China Orders More Tests For Milk

All of China's milk powder and liquid milk produced before Sept. 14 was ordered pulled off the shelves to be tested by manufacturers, the Xinhua News Agency said.

BEIJING (AP) -- China's store shelves are being cleared of all milk and milk powder more than a month old, a huge recall that marks the latest government effort to restore consumer confidence after four babies died from drinking milk tainted with an industrial chemical.

In Hong Kong, authorities announced that another child has developed kidney stones after consuming contaminated products, bringing to eight the number of children in the territory sickened by Chinese dairy.

All of mainland China's milk powder and liquid milk produced before Sept. 14 was ordered pulled off the shelves to be tested by manufacturers, China's official Xinhua News Agency said.

"Regardless of the brand or the batch, they must be taken off shelves, their sale must be stopped," Xinhua said, citing a notice issued by six government ministries and administrations.

It was the first time the government has issued a blanket recall of products since the tainted milk scandal began.

The notice said the products will be sold only after they pass quality tests and are labeled as safe. Those that fail checks must be reported to the ministries, recalled and sealed off from consumption, it said. The notice did not say why the recall was being implemented now.

China launched a countrywide inspection of dairy producing facilities focusing on milk collecting centers on Sept. 15 -- leaving open the possibility that some milk products more than a month old have yet to be scrutinized.

The notice was issued by China's chief quality watchdog, the General Administration of Quality Supervision, Inspection and Quarantine in conjunction with five other central government ministries and administrations. Telephones at the General Administration rang unanswered Tuesday and officials did not respond to a faxed request for information.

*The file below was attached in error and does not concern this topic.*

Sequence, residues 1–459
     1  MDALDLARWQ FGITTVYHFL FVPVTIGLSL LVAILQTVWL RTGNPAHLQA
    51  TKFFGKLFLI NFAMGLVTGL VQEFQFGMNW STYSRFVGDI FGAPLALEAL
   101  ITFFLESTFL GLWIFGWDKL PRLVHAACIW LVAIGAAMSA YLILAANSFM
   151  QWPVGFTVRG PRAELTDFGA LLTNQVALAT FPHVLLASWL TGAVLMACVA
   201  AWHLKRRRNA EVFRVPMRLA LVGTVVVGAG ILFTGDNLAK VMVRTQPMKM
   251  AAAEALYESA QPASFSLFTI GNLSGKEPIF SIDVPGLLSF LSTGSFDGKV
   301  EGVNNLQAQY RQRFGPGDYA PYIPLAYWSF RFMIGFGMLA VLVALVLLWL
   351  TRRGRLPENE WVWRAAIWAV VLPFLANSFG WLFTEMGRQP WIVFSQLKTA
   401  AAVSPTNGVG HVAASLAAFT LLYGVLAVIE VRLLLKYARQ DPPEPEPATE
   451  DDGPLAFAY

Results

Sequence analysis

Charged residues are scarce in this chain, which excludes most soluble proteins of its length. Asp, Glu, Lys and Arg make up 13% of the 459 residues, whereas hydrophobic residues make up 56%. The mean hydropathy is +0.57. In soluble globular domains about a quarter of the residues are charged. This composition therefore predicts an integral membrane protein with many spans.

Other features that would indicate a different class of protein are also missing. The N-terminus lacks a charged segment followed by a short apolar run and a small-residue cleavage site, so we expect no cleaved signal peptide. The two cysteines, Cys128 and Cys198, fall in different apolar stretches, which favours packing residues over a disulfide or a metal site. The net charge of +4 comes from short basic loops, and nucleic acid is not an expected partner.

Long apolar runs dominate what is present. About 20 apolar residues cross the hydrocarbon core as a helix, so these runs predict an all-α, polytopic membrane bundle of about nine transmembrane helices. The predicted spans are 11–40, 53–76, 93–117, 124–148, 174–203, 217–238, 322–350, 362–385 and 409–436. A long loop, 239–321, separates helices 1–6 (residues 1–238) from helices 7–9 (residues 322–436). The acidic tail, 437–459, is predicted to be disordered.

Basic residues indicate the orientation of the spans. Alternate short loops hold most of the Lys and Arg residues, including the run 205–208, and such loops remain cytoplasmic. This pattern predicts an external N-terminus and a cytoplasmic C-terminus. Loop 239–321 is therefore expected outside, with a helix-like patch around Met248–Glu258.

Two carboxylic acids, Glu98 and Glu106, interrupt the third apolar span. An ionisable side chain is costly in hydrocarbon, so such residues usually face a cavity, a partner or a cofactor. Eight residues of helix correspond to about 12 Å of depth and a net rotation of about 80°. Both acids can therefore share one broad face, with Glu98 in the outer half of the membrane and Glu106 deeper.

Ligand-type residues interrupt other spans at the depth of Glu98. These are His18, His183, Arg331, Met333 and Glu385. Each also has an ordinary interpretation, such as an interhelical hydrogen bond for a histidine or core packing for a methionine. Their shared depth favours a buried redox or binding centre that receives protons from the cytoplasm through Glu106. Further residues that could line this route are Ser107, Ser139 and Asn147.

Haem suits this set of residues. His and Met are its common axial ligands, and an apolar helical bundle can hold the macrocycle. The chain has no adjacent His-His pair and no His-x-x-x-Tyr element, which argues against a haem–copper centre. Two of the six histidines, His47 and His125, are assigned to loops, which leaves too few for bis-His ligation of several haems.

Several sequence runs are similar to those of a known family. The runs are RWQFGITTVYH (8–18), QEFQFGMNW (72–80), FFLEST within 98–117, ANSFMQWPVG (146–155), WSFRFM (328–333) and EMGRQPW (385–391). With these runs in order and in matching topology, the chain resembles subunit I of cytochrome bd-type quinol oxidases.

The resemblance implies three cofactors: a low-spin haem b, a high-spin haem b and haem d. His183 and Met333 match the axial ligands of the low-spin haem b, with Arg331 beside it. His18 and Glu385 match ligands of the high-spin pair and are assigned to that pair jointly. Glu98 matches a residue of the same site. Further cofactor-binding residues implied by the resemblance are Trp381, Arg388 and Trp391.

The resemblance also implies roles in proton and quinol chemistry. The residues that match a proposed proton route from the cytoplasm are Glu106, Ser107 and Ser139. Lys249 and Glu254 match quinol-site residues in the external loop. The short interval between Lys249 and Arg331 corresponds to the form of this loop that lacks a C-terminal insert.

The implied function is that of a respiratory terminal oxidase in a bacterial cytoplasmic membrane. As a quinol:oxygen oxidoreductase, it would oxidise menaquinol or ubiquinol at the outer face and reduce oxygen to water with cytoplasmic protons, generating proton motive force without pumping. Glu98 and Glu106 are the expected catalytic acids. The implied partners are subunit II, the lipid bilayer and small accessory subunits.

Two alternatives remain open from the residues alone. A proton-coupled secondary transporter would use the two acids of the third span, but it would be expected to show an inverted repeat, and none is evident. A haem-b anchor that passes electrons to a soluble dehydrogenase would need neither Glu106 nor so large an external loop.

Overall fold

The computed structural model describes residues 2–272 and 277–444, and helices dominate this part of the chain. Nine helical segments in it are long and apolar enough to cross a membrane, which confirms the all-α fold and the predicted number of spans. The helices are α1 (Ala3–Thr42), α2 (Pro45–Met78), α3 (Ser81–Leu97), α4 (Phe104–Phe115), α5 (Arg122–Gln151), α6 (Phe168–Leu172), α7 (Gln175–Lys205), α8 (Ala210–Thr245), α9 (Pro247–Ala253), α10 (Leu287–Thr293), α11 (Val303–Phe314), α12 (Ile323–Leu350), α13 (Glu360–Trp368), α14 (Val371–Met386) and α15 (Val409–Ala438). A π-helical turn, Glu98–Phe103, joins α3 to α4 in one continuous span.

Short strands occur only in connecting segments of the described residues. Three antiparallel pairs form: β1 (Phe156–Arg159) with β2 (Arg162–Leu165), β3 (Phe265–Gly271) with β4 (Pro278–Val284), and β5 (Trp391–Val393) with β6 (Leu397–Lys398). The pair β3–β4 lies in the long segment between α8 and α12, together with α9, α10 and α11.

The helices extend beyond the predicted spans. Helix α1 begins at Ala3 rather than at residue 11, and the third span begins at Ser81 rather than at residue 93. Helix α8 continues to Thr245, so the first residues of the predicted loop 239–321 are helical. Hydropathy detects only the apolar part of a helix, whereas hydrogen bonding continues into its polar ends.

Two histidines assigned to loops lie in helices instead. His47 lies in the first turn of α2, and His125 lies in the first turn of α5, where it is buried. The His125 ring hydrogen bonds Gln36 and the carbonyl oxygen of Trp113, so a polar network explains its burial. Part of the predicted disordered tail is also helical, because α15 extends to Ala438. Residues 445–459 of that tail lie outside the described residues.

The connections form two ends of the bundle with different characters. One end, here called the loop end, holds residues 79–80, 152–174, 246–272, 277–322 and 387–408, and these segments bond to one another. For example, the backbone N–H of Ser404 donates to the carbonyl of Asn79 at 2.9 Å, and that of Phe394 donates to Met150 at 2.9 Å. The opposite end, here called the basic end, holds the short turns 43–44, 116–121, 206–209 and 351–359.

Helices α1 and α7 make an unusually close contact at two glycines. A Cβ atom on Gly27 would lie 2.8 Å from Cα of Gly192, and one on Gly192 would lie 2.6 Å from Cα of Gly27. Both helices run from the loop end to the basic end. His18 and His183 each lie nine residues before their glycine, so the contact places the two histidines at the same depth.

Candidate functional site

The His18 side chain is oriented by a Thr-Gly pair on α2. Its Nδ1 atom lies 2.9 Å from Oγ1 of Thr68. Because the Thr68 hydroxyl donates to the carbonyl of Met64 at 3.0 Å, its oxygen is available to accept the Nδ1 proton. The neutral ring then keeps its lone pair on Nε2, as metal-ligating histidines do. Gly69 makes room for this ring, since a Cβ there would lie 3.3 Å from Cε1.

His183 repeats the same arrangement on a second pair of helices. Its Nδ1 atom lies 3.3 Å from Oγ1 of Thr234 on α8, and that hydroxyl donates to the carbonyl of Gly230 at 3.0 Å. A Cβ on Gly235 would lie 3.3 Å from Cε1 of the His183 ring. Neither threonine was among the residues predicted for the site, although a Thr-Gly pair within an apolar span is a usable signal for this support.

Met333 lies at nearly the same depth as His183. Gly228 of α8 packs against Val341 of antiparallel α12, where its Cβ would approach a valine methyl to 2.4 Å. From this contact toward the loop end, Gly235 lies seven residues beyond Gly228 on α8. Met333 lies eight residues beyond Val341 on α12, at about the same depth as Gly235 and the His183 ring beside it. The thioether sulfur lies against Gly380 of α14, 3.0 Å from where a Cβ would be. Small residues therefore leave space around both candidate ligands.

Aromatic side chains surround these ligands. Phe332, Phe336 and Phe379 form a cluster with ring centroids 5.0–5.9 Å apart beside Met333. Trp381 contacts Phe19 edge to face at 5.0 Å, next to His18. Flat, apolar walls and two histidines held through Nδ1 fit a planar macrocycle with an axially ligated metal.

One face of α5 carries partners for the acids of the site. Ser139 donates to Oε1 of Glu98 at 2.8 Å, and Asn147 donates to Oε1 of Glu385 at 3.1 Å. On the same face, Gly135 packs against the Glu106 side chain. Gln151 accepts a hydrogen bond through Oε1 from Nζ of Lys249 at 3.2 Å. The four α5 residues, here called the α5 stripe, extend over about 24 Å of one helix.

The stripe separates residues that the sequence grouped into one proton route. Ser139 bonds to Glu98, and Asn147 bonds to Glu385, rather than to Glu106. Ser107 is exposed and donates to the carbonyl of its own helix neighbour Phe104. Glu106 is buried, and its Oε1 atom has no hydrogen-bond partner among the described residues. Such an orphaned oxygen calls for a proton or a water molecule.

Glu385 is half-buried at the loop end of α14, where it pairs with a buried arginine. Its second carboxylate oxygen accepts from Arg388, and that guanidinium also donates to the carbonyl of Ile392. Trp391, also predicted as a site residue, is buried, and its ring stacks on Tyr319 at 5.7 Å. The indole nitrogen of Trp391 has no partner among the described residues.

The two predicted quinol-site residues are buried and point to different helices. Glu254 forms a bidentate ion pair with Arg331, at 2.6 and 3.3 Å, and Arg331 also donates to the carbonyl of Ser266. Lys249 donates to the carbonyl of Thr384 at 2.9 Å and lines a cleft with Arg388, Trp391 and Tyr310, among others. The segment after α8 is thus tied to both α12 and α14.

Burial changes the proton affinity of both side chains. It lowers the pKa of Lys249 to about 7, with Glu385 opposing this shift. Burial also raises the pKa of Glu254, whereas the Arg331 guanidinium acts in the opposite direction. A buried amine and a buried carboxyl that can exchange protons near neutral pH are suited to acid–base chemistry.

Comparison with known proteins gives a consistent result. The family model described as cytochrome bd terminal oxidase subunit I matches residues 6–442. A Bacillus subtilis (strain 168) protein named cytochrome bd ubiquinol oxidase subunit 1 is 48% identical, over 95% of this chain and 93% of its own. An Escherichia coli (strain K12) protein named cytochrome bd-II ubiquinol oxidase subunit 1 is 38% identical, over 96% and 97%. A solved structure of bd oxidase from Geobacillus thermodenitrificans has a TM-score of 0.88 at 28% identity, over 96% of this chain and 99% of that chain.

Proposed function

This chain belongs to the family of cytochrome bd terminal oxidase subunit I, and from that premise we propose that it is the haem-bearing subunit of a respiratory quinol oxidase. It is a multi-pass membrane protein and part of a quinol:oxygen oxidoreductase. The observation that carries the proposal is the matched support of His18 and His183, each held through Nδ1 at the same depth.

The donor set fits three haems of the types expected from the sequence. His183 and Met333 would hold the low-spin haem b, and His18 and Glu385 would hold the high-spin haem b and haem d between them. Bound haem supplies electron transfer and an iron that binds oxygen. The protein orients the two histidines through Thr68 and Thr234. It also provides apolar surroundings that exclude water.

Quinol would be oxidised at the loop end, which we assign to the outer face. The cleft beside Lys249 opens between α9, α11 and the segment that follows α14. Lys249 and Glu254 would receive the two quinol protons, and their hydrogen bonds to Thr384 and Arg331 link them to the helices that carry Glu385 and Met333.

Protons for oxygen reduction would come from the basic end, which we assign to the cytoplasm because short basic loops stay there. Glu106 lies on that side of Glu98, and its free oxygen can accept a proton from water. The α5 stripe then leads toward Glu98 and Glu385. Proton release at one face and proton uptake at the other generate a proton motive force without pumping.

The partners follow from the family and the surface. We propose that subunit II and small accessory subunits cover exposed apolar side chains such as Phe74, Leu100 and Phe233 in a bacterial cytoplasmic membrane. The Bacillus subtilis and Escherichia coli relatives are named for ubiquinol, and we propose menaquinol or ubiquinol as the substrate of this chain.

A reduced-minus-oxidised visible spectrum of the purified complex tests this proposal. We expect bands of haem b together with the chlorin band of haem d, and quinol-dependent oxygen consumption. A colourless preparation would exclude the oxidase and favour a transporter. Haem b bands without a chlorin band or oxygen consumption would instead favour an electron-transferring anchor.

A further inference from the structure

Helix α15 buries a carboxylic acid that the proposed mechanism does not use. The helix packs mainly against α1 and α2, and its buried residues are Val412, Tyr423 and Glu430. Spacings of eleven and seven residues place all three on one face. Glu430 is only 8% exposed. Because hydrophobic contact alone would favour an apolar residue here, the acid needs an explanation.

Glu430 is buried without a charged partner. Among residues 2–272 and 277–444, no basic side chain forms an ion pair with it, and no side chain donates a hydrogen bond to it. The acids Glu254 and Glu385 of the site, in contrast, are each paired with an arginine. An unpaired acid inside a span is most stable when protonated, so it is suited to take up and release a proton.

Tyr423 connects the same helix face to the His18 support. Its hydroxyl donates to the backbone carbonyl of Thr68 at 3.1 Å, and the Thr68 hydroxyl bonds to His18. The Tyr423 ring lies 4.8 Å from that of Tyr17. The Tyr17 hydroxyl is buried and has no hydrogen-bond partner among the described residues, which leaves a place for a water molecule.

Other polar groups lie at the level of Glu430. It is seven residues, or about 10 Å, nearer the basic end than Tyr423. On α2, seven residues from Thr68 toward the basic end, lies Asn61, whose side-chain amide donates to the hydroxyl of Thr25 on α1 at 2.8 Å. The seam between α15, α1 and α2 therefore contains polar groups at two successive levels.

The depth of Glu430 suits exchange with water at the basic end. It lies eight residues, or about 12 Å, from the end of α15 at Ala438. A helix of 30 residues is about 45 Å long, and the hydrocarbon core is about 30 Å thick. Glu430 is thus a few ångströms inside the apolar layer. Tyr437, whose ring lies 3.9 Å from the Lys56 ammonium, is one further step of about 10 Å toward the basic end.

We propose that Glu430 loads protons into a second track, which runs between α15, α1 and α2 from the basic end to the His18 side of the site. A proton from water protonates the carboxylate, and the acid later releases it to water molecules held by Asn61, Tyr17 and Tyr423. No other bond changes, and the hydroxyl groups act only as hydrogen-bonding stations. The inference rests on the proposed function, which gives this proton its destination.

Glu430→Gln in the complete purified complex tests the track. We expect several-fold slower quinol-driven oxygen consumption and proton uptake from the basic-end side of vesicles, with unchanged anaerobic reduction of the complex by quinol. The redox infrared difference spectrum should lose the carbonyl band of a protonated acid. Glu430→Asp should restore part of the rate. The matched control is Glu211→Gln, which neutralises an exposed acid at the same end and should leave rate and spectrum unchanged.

Four babies died and tens of thousands of children have been sickened by milk spiked with the melamine, a nitrogen-rich chemical used to make plastics and fertilizers.

The scandal prompted the Chinese Health Ministry to issue guidelines limiting acceptable melamine levels in milk and food products. There were no such standards previously.

The State Council, China's Cabinet, has also tightened regulations for the dairy industry, mandating stricter controls over cattle breeding, the purchase of raw milk and the production and sale of dairy products.

Authorities have blamed dairy suppliers for the crisis, saying they added melamine to watered-down milk to fool quality control tests and make the product appear rich in protein.

Melamine can cause kidney stones as the body tries to eliminate it and, in extreme cases, lead to kidney failure.

The crisis has spread overseas with Chinese milk products pulled out of stores in dozens of countries as governments increase vigilance and step up safety tests.

On Tuesday, Hong Kong's government said a 2 1/2-year-old boy developed two kidney stones after consuming melamine-laced milk and cookies. He did not show any signs of renal problems or require hospitalization.

Over the past two years, the boy had regularly consumed milk from the Chinese dairy Yili Industrial Group Co. and eaten chocolate-filled Koala cookies made by Tokyo-based snack maker Lotte Group, said government spokesman Alex Cheng. Samples of Koala cookies in Hong Kong and Yili milk in China have tested positive for melamine.

In Thailand, the bakery chain S&P recalled all its packaged cookies nationwide as a precaution after Swiss authorities said they found high concentrations of melamine in the products.

Swiss authorities said Monday tests of the confection found high melamine levels.

Witoon Sila-on, a vice president at S&P Syndicate PCL, said the company had never exported its cookies to Switzerland and questioned where the sample came from. Witoon also said the cookies in question included milk powder imported from Australia -- not milk powder from China.

Associated Press Writer Dikky Sinn in Hong Kong contributed to the report.

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